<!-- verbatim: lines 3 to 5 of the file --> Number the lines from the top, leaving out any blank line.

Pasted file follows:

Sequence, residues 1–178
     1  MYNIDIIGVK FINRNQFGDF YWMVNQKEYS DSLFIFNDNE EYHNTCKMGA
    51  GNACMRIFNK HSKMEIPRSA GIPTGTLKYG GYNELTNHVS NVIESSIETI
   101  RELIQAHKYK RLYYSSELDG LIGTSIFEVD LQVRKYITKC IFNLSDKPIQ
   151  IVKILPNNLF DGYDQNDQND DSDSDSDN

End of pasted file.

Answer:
    51  GNACMRIFNK HSKMEIPRSA GIPTGTLKYG GYNELTNHVS NVIESSIETI
   101  RELIQAHKYK RLYYSSELDG LIGTSIFEVD LQVRKYITKC IFNLSDKPIQ
   151  IVKILPNNLF DGYDQNDQND DSDSDSDN